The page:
Free U.S. Shipping On Orders Over $35 - Ships In Discreet Packaging

Medical Professionals


Personal Lubricants

Fertility-Friendly Lubricant


Loving in the Present

By Anastasia Strgar

“It is only possible to live happily-ever-after on a day-to-day basis.”  ~Margaret Bonnano

This morning, when Arlo and I were waiting for our coffee, he told me how much this week of school is stressing him out. It’s Dead Week and so finals are close, which means serious studying for anyone still in school. I turned to him and told him, “Just do today. There really isn’t anything past today anyway and if you can just do it day by day, it won’t be as bad.”

But living in the present or even just living one day at a time is easier said than done because our generation is definitely not very good at it. You see, we love making plans and living in the future. In fact, making plans may actually be even better than finally getting to that plan that we’ve made. We think that by planning our lives for the next few years we’ll be happier, we’ll have direction and most of all, that by making plans Life will go according to our plan.

But when does life really go according to plan? Hardly ever. And when it does, is that really what we want? A lot of times when we’re looking toward something we lose sight of what we have and whom we have in our lives- we take things for granted and then when Life hands us things we didn’t plan we scramble to hang on or we make excuses or tell stories about how, for whatever reason, we’re not good enough for our plan.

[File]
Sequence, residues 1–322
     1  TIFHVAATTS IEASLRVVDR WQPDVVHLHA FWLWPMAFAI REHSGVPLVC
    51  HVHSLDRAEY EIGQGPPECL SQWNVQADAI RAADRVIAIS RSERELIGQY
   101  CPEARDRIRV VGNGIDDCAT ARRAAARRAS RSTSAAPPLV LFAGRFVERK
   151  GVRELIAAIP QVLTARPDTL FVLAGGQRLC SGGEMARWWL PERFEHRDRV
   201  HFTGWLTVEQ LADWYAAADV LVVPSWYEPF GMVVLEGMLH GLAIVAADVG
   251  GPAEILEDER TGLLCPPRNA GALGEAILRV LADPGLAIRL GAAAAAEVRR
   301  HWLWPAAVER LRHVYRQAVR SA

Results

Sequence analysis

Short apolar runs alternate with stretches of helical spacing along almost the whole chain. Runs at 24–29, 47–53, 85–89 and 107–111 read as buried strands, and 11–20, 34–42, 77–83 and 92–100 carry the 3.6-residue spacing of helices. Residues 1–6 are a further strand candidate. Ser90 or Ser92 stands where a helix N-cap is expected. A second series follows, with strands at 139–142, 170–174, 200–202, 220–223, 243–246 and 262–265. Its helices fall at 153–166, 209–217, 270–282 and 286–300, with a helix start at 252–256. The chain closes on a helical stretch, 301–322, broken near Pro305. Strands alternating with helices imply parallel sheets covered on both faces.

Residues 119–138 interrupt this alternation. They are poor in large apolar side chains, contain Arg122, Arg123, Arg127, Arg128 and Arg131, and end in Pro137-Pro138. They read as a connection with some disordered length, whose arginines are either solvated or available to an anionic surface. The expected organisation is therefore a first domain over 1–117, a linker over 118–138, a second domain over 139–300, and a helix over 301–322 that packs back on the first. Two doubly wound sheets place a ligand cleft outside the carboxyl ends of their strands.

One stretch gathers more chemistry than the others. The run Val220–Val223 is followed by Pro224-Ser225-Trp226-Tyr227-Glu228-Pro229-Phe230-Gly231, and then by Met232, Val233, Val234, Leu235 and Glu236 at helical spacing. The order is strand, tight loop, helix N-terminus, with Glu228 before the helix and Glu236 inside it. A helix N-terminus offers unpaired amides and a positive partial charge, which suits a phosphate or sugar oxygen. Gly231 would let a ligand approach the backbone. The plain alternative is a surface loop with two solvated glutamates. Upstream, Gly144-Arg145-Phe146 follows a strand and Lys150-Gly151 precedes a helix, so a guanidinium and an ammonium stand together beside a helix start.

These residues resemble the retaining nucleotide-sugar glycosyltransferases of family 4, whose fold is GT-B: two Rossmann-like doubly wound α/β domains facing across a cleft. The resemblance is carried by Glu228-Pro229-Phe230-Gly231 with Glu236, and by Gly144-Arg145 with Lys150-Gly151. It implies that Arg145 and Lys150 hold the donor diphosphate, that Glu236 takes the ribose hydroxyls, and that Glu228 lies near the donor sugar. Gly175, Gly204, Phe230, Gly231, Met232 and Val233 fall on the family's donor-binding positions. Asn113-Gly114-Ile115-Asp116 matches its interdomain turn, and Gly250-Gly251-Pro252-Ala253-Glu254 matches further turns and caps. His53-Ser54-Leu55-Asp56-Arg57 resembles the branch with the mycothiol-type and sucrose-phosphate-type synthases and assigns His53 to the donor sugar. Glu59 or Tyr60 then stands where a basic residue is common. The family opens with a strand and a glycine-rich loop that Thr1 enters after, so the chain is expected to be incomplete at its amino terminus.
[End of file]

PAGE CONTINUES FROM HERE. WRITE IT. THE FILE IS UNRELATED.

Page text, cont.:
The addiction of living in the future also deeply affects our relationships… When we’re single we go out to meet people hoping that they’re the One, when really, on a planet of billions, there are probably multiple Ones. When we’re in a relationship, we look forward to holidays, and most importantly, to various relationship milestones- moving in together, getting married, having children, etc and barely pay attention to the journey along the way. This refusal to love in the present is dangerous to relationships because it bases our relationships off of ideas, rather than reality. Most of the time when we reach these critical milestones they’re fun for a while and then you’re back to daily life- some days feel and look incredible, while others don’t as much.

When we can just live the day to day with our partner and we’re not constantly looking forward, a huge weight comes off the relating. At any given moment you can deeply listen to your partner, sort through your own thoughts, avoid storytelling and fall in love in ways you never thought possible. When you allow yourself to just be who you are at any given moment and you give your partner that same luxury, that is when real relating happens.

I’m not saying that you shouldn’t plan for the future, because it’s good to have at least some idea of what you want and where the two of you are going, but don’t dwell in the future. Plan for the future but live in the present. When you can do that, it’s not always going to be easy, but at least you’ll be living your life instead of just planning it.